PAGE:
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J Immunother Cancer. 2013 Dec 16;1:21. doi: 10.1186/2051-1426-1-21. eCollection 2013.

Expression of miR-17-92 enhances anti-tumor activity of T-cells transduced with the anti-EGFRvIII chimeric antigen receptor in mice bearing human GBM xenografts.

Author information

1
Brain Tumor Program, University of Pittsburgh Cancer Institute, 1.19E Research Pavilion at the Hillman Cancer Center, 5117 Centre Ave, Pittsburgh, PA 15213, USA ; Department of Neurosurgery, Nagoya University School of Medicine, 65 Tsurumai-cho, Showa-ku, Nagoya 466-8550, Japan ; Department of Neurological Surgery, University of Pittsburgh School of Medicine, 200 Lothrop Street, Pittsburgh, PA 15213, USA.
2
Brain Tumor Program, University of Pittsburgh Cancer Institute, 1.19E Research Pavilion at the Hillman Cancer Center, 5117 Centre Ave, Pittsburgh, PA 15213, USA ; Department of Neurological Surgery, University of Pittsburgh School of Medicine, 200 Lothrop Street, Pittsburgh, PA 15213, USA.
3
Department of Neurosurgery, Nagoya University School of Medicine, 65 Tsurumai-cho, Showa-ku, Nagoya 466-8550, Japan.
4
Department of Pathology and Laboratory Medicine, Abramson Family Cancer Research Institute, University of Pennsylvania Perelman School of Medicine, Philadelphia, PA 19104, USA.
5
Brain Tumor Program, University of Pittsburgh Cancer Institute, 1.19E Research Pavilion at the Hillman Cancer Center, 5117 Centre Ave, Pittsburgh, PA 15213, USA ; Department of Neurological Surgery, University of Pittsburgh School of Medicine, 200 Lothrop Street, Pittsburgh, PA 15213, USA ; Department of Surgery, University of Pittsburgh School of Medicine, 200 Lothrop Street, Pittsburgh, PA 15213, USA ; Department of Immunology, University of Pittsburgh School of Medicine, 200 Lothrop Street, Pittsburgh, PA 15213, USA.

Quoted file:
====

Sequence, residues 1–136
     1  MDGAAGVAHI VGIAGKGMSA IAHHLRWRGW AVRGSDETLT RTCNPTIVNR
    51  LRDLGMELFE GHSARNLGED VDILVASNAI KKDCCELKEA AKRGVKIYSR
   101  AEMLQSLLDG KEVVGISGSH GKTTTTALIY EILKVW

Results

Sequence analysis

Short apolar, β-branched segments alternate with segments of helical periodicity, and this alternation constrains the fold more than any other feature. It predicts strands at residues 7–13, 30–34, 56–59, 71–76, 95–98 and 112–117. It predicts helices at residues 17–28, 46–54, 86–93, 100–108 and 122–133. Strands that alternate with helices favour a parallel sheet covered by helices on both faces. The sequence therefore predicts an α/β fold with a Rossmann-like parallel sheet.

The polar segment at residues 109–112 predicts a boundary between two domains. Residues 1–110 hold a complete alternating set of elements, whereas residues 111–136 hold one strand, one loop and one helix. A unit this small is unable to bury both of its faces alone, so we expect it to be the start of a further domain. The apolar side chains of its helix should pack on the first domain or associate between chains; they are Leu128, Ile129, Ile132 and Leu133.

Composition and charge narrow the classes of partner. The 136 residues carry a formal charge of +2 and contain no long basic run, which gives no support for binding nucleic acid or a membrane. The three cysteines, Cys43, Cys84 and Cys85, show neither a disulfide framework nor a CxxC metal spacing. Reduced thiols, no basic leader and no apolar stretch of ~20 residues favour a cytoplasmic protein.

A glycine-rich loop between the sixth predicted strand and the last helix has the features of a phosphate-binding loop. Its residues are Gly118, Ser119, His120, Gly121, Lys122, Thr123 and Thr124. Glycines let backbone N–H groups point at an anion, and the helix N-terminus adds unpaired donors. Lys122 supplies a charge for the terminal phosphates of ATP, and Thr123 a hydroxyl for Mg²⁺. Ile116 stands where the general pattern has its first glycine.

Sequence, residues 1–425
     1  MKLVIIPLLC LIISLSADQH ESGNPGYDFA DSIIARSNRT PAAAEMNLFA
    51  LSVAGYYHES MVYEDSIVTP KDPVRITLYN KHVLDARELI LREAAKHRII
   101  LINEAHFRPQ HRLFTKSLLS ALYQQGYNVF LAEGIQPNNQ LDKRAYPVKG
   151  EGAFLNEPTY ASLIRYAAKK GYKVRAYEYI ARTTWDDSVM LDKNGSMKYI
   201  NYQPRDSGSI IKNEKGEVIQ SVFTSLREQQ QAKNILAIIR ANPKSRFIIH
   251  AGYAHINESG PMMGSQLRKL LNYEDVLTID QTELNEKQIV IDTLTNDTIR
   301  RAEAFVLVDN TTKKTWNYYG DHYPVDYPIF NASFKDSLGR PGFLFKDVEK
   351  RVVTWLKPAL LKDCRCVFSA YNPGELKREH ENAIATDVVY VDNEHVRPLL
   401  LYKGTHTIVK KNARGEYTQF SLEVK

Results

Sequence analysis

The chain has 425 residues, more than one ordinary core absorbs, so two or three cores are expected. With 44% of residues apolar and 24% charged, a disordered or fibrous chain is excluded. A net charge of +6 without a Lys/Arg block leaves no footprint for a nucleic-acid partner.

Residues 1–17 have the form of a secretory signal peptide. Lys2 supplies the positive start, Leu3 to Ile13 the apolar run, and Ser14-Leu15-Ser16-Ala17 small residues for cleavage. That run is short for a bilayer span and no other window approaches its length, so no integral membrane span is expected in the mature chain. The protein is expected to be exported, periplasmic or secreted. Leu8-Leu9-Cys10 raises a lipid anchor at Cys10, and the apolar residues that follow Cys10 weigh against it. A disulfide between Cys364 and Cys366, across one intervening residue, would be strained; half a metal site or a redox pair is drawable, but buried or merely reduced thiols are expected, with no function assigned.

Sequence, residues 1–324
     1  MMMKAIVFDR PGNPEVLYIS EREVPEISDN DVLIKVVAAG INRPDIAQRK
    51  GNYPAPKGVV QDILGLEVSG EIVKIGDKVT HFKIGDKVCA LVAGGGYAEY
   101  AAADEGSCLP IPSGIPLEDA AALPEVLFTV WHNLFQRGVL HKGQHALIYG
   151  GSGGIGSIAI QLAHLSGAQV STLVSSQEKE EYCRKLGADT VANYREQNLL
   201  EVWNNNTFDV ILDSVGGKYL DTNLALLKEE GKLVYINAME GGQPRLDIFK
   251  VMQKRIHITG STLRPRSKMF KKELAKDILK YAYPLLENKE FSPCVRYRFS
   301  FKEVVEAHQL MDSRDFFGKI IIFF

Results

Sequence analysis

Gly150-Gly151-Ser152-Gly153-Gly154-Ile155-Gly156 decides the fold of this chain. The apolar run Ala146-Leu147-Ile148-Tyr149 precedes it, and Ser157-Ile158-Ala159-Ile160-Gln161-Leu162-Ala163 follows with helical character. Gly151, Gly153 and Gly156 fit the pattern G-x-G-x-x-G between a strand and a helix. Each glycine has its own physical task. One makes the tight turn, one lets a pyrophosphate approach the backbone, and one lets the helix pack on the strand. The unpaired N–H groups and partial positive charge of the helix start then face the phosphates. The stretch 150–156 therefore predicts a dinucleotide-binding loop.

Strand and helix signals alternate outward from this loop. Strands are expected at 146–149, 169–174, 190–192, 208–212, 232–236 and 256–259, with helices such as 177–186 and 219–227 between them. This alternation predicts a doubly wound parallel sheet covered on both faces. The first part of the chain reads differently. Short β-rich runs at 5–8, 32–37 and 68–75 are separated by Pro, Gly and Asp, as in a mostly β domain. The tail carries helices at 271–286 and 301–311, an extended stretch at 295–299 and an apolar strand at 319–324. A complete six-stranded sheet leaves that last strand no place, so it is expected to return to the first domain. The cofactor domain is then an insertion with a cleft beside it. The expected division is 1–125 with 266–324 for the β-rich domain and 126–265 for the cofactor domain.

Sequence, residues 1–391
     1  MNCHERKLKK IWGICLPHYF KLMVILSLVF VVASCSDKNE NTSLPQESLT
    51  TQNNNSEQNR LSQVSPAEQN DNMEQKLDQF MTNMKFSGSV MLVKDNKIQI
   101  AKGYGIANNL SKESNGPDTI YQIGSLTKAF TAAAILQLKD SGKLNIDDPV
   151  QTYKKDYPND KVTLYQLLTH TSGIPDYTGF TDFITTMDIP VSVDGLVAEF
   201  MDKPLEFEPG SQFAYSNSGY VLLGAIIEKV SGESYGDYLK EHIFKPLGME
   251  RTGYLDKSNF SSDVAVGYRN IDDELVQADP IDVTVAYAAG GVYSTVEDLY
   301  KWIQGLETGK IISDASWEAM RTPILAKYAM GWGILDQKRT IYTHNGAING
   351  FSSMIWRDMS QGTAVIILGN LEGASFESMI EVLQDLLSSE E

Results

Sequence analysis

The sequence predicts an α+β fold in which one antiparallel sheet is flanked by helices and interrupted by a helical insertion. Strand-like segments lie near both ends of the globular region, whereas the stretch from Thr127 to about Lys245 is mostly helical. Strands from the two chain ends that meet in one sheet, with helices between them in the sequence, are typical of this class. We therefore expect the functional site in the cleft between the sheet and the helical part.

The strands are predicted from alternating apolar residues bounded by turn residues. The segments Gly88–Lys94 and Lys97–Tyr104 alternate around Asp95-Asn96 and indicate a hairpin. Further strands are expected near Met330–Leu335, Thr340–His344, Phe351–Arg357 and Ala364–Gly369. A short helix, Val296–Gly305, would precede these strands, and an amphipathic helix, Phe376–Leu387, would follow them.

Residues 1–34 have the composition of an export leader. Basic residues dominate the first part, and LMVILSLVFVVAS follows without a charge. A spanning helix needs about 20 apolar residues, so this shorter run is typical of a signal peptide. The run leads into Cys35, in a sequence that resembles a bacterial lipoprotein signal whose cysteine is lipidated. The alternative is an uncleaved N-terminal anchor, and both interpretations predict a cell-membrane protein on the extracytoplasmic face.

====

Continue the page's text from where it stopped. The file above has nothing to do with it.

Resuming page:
Abstract

BACKGROUND:

Expression of miR-17-92 enhances T-cell survival and interferon (IFN)-γ production. We previously reported that miR-17-92 is down-regulated in T-cells derived from glioblastoma (GBM) patients. We hypothesized that transgene-derived co-expression of miR17-92 and chimeric antigen receptor (CAR) in T-cells would improve the efficacy of adoptive transfer therapy against GBM.

METHODS:

We constructed novel lentiviral vectors for miR-17-92 (FG12-EF1a-miR-17/92) and a CAR consisting of an epidermal growth factor receptor variant III (EGFRvIII)-specific, single-chain variable fragment (scFv) coupled to the T-cell receptor CD3ζ chain signaling module and co-stimulatory motifs of CD137 (4-1BB) and CD28 in tandem (pELNS-3C10-CAR). Human T-cells were transduced with these lentiviral vectors, and their anti-tumor effects were evaluated both in vitro and in vivo.

RESULTS:

CAR-transduced T-cells (CAR-T-cells) exhibited potent, antigen-specific, cytotoxic activity against U87 GBM cells that stably express EGFRvIII (U87-EGFRvIII) and, when co-transduced with miR-17-92, exhibited improved survival in the presence of temozolomide (TMZ) compared with CAR-T-cells without miR-17-92 co-transduction. In mice bearing intracranial U87-EGFRvIII xenografts, CAR-T-cells with or without transgene-derived miR-17-92 expression demonstrated similar levels of therapeutic effect without demonstrating any uncontrolled growth of CAR-T-cells. However, when these mice were re-challenged with U87-EGFRvIII cells in their brains, mice receiving co-transduced CAR-T-cells exhibited improved protection compared with mice treated with CAR-T-cells without miR-17-92 co-transduction.

CONCLUSION:

These results warrant the development of novel CAR-T-cell strategies that incorporate miR-17-92 to improve therapeutic potency, especially in patients with GBM.

KEYWORDS:

Adoptive immunotherapy; Chimeric antigen receptor; Glioblastoma; miR-17-92; microRNA

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